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Nature, Ancient Arts Inspire Jeweler to Design Something Special

Rona Fisher went from driving a cab in San Francisco to making jewelry in Germany to owning her own studio in Philadelphia.

Designing and creating one-of-a-kind pieces inspired by nature and the ancient arts define Rona Fisher Jewelry Design just north of Center City. Free spirit defines Rona.

She is the daughter of an art teacher who grew up “making stuff,” typically painting, her major at what was then the Philadelphia College of Art (today University of the Arts). Her parents worried she wouldn’t earn enough to make a living, and she didn’t for a good while, taking off for the West Coast in her 20s.

“I started driving a taxi in San Francisco, which was really a blast,” Rona says. “Every night was a party. It was so much fun.”

Rona cautioned herself not to get too stuck in a lifestyle she didn’t want to be her future. She began making silver and gold jewelry, selling what she could at street fairs. But it was actually a fare of a different sort that changed her life. She struck up a conversation with the German tourists in the backseat of her cab, sympathizing with their nasty hotel experience in the city that was affecting their trip. On a whim, she offered to put them up in her apartment for the duration of their stay, and they accepted. When they were ready to return home, they said, “You know we owe you a couple of months in Munich!”

They were serious, and Rona didn’t have to think too long. She was unattached, without a mortgage, and eager for a change. “I ran to the Sausalito flea markets, sold everything I owned, and took off to Munich that fast,” she says.

Rona lived that adventure for eight years “bothering every goldsmith shop and anybody who would talk to me with questions.”

How do you make this? How do you do that?

She absorbed from master goldsmiths while selling her work at Europe’s oldest continuing flea market held every Sunday. “It was a totally medieval, ancient little marketplace with old buildings and cobblestone,” she says. “All the crafts people arranged the things they made around junk.”

It was illegal to sell new items at the flea market, one trick of many Rona learned in order to make a living there. She discovered another market on Saturdays and began showing in galleries impressed with her unorthodox designs that were flowing, asymmetrical, and far removed from cookie-cutter work. She yearned to open her own and had hopes of leasing a storefront, but the bureaucracy of the government prevented her from making a viable living there.

“That’s when I realized it was time to come home,” she says.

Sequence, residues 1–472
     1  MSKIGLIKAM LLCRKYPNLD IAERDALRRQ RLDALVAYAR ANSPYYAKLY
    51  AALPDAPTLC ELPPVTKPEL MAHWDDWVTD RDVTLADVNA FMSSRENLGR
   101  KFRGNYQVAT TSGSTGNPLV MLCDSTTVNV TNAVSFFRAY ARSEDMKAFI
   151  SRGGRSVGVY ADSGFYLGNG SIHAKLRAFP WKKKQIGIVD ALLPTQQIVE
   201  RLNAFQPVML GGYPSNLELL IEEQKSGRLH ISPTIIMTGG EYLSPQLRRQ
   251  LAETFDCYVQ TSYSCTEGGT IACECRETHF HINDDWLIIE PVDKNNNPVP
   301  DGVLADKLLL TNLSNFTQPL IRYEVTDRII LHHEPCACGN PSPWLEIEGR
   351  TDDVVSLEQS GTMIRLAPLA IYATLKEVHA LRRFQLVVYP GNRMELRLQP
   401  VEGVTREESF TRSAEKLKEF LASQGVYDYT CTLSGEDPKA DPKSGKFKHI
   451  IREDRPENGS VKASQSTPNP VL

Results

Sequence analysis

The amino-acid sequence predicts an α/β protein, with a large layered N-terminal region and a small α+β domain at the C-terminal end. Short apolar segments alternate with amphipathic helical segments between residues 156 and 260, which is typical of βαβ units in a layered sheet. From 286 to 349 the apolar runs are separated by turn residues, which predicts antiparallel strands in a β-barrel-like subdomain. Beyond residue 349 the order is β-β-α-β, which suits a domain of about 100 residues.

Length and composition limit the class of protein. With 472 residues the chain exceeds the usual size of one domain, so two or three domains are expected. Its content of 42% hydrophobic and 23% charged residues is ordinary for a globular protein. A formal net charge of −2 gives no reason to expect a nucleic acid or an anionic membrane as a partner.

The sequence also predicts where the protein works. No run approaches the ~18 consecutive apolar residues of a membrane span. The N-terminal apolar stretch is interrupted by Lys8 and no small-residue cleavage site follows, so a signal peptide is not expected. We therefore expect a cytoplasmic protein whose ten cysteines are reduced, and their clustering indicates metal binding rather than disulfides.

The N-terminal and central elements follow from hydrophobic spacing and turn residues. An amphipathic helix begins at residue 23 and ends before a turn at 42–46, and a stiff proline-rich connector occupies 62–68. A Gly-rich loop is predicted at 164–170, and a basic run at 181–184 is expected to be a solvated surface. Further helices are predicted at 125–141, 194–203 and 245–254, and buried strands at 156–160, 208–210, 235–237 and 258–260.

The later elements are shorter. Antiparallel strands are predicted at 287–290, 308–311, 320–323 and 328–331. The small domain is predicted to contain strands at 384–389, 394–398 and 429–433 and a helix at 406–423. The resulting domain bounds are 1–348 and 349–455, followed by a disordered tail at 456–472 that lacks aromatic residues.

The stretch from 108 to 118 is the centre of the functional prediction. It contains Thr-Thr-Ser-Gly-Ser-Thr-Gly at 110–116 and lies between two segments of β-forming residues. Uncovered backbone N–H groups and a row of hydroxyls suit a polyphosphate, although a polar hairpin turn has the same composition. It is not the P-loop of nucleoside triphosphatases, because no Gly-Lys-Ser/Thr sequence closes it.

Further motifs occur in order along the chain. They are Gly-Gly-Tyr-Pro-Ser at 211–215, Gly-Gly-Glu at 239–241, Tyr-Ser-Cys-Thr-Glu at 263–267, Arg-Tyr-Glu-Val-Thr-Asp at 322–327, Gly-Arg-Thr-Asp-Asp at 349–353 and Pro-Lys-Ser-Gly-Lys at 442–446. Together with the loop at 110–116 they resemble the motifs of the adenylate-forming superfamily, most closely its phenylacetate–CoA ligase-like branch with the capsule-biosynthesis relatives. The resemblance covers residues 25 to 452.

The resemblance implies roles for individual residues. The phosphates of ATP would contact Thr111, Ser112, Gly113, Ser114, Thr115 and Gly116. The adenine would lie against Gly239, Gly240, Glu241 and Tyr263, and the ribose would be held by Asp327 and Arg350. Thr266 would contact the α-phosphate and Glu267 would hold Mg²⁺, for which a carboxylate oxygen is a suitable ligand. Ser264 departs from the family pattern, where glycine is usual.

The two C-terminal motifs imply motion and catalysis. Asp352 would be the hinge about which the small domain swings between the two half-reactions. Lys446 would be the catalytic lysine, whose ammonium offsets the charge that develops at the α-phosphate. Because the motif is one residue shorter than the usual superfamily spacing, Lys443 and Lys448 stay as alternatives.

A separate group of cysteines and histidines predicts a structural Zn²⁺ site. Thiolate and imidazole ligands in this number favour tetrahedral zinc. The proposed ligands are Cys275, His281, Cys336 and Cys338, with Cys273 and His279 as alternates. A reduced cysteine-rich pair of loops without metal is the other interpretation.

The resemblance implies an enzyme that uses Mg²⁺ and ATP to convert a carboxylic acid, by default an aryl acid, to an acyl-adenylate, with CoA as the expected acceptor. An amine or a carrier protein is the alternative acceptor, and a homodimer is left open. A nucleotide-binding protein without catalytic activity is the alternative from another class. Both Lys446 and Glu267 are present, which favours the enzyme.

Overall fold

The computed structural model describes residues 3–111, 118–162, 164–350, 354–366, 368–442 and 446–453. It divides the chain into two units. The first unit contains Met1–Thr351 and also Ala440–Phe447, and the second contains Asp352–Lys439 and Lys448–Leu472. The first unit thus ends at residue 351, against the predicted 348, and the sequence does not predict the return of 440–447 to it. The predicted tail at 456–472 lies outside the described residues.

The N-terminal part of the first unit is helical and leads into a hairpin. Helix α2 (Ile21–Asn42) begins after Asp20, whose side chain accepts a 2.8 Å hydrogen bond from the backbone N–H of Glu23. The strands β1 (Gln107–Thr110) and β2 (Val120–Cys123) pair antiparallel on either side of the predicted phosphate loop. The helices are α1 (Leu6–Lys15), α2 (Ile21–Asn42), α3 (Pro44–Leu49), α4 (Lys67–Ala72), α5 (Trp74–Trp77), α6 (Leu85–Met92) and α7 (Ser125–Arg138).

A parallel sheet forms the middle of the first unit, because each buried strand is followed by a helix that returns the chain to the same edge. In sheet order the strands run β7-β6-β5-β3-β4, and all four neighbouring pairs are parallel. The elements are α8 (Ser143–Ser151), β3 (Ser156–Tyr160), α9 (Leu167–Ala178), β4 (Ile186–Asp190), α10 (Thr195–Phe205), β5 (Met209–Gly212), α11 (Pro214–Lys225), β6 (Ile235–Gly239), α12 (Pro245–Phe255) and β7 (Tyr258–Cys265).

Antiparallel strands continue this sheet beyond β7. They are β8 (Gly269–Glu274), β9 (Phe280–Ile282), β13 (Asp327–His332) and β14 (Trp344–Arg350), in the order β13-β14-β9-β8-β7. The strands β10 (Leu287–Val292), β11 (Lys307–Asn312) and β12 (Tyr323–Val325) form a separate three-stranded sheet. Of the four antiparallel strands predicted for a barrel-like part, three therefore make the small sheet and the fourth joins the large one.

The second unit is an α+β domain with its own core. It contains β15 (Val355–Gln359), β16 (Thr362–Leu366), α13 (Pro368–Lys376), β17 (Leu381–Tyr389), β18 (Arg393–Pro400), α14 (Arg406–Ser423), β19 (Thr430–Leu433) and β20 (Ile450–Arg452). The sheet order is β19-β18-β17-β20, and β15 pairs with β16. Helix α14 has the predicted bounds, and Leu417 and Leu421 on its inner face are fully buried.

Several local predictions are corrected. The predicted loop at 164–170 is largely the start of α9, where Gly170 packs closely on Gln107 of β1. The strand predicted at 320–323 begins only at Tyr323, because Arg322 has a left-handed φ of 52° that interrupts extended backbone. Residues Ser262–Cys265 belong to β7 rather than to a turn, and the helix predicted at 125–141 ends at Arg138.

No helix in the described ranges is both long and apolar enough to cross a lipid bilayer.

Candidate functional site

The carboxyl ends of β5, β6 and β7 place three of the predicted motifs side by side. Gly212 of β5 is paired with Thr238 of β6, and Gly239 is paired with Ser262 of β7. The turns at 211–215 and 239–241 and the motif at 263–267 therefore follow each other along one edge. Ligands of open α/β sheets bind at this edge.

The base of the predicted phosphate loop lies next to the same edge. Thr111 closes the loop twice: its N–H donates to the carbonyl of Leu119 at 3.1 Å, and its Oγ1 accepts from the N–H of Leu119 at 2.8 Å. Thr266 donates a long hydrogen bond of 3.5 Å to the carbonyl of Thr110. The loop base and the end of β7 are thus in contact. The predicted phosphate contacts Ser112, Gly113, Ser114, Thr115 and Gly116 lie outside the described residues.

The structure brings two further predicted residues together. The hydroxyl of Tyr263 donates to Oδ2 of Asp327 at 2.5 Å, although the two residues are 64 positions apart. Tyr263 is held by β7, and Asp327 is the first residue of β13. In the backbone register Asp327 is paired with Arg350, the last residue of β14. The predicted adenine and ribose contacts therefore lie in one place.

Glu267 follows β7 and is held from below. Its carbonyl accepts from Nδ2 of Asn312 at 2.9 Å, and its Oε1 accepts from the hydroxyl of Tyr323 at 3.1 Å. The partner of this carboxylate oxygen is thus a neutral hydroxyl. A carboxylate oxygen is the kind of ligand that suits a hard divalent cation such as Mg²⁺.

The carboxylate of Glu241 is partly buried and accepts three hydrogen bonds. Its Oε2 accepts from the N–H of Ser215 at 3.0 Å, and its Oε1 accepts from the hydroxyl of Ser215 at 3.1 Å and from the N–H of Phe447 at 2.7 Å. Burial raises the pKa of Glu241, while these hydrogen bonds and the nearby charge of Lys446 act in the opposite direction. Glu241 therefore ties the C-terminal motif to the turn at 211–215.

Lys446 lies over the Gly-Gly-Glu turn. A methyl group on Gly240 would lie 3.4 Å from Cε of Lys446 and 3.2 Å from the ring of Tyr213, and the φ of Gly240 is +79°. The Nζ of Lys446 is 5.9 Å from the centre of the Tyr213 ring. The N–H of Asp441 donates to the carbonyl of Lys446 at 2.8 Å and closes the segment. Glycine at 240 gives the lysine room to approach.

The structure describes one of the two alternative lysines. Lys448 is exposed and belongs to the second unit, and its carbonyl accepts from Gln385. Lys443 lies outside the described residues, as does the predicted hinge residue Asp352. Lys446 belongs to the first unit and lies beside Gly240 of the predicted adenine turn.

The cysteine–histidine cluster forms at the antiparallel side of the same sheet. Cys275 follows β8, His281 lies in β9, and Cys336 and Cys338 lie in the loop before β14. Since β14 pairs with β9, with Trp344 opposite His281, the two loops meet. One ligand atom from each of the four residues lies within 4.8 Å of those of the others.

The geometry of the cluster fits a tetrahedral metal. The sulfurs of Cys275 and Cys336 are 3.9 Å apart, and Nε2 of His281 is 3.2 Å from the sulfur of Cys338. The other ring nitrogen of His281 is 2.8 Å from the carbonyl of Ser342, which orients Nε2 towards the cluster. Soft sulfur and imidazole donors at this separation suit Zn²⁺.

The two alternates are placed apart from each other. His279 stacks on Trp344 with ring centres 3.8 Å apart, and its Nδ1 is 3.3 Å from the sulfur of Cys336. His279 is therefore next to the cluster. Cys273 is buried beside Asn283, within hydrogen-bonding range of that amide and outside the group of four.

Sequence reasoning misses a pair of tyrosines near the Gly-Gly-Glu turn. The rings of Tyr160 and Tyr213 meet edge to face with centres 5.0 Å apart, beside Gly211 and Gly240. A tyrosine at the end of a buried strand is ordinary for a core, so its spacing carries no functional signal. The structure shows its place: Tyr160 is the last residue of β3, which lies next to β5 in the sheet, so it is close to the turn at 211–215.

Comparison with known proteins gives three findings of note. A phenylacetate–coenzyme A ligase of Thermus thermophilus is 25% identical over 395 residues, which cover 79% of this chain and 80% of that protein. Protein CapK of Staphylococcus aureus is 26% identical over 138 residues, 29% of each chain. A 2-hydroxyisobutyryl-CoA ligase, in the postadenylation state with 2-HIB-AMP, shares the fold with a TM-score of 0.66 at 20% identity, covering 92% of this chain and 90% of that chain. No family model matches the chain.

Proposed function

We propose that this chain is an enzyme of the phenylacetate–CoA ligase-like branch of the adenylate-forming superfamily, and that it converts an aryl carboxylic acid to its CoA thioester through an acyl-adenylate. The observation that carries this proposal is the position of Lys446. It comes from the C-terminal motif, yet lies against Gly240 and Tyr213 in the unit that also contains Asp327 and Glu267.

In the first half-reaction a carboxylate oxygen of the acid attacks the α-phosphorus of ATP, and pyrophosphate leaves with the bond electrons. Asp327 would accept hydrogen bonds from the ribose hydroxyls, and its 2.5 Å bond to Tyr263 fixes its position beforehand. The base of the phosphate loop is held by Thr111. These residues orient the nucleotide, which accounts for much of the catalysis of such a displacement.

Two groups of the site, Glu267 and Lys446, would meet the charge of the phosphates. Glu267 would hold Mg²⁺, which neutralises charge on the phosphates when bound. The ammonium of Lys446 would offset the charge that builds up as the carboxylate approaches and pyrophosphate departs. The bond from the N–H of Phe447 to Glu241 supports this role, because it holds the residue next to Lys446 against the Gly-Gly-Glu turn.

Rona returned to the States and combined what she had learned in Europe with classes and workshops here. Rather than stick to one style, she explored several. “Every display case had something entirely different,” she says. Customers thought each of the looks was made by a separate artist. That prompted Rona to hone in on what she was most passionate about. Rona Fisher Jewelry Design is the visual answer to that.

Rivers inspire Rona, particularly the rush of water over stones. Her time in Europe led her to favor the textures in ancient, forged iron. She creates balance by using asymmetry. Her pieces evoke what she feels while near a stream, appealing to all the senses. Ideally the wearer shares in that energy and inspiration.

All of her pieces are made of precious metals using responsibly recycled 18k gold sterling silver and 14k white gold. She starts with a sketch then draws it in 3D in a CAD program, prints, and casts. Surface textures are added by hand and gemstones are set. Everything is produced in-house.

Her versatile designs include necklaces; bracelets; engagement, wedding, singular stackable rings; and custom pieces. Having extra time to experiment during the pandemic led to the design of lobster and carabiner clasps that complement the links and blend with the pattern.

“A lot of designers go buy a clasp and I don’t like that idea,” she says. “Putting all this effort into a beautiful design and then buying a mass-produced clasp doesn’t look or feel right — as if the clasp were a separate entity and not part of the design. Making them here in the studio is time consuming, but I feel it’s worth the extra effort.”

Rona exhibits at approximately 15 shows annually as well as in galleries from Maine to California. Rose Squared Art Shows are among her favorites. She anticipates being an exhibitor at the Anderson Park show in the fall of 2024. Stop by her booth to browse and say hello!